Rather than denying adultery outright, the Isabella Robinson defense chose to use her diaries, the smoking gun wielded by her husband's lawyers, to prove her innocent of wrongdoing. She was, claimed her representatives and the representatives of Dr. Lane (divorce suits based on adultery required husbands to name the lovers of their wives), stark-raving mad. Because she suffered from hysteria, they posited, her inflamed soul merely invented the encounters. Drunk on solitude and the epistolary novels so popular with her set, she turned her diary into a fictional masturbatory aid, meant for greedy review in her most private moments. Newspapers, breathlessly covering the trial (the first divorces of 1858 were speedily granted on counts of proven adultery, cruelty, and abandonment, but the Robinson case, with its many witnesses and presentation of new evidence and theories from both sides, was unusual in its length), gave the diary a life of its own by declaring it so lurid as to be totally unfit for excerption. The Observer, analyzing the first week of the trial, called Robinson’s private writings “of such a nature that it would be quite improper to print them in a family newspaper”:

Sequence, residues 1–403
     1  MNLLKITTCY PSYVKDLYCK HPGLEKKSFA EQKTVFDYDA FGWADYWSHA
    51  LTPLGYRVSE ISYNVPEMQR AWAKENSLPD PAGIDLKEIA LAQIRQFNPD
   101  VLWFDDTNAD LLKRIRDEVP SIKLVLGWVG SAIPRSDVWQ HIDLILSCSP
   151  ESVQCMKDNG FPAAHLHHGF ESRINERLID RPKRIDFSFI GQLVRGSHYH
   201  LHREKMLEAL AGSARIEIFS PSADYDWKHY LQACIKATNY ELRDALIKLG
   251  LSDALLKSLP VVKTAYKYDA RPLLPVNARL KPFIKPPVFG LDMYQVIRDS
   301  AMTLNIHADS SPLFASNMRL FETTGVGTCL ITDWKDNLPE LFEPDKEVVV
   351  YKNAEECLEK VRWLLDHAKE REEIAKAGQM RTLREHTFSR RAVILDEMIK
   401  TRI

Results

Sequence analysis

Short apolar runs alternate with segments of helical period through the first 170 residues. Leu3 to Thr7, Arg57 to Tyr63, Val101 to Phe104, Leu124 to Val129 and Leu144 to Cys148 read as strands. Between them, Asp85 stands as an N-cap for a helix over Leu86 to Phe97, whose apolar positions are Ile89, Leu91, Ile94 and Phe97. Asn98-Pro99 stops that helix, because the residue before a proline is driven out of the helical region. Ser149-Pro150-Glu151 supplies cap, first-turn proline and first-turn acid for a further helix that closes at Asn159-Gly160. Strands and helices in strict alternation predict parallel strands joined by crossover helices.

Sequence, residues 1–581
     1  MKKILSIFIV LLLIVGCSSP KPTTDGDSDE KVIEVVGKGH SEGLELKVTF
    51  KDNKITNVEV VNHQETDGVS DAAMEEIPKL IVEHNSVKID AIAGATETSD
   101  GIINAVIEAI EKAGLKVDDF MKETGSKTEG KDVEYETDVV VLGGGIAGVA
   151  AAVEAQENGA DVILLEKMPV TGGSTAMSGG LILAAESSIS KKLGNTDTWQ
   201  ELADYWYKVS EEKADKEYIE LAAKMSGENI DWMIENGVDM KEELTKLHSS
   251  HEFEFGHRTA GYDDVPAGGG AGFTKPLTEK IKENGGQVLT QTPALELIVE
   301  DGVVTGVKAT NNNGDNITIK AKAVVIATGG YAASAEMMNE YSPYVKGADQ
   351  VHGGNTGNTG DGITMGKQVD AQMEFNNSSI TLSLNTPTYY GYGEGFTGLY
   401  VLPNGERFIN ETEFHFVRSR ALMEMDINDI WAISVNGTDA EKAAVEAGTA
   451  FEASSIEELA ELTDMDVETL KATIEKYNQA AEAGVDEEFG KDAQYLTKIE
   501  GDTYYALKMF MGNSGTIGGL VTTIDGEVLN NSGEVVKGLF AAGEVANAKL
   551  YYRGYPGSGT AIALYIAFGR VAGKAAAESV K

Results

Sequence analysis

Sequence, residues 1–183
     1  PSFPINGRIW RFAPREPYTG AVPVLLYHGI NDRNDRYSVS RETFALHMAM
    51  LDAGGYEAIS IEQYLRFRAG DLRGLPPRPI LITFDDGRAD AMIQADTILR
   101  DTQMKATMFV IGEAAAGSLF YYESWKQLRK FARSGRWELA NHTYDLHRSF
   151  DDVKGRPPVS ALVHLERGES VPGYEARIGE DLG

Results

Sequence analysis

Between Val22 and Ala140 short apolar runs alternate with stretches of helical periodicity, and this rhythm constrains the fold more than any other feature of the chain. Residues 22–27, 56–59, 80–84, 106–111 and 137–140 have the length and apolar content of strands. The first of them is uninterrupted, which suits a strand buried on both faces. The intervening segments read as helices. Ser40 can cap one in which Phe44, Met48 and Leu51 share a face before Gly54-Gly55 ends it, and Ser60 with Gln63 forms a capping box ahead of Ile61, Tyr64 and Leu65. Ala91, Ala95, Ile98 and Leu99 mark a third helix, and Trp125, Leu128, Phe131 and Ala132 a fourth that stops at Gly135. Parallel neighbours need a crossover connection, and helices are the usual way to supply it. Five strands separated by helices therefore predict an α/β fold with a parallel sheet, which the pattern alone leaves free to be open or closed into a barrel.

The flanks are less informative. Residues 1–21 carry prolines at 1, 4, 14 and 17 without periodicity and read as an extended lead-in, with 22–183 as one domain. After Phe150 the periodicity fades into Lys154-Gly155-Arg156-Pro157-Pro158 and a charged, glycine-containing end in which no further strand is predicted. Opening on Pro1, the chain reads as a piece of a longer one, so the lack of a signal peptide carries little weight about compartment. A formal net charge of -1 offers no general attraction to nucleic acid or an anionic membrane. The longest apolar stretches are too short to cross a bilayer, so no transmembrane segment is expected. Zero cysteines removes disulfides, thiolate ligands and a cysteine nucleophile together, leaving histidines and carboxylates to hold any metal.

They contain admissions in all but the plainest terms of the criminality imputed to the unfortunate lady in question, and they are moreover penned with a degree of descriptive ability which renders them most dangerous reading. Under such circumstances it has been considered the wiser course to omit them altogether.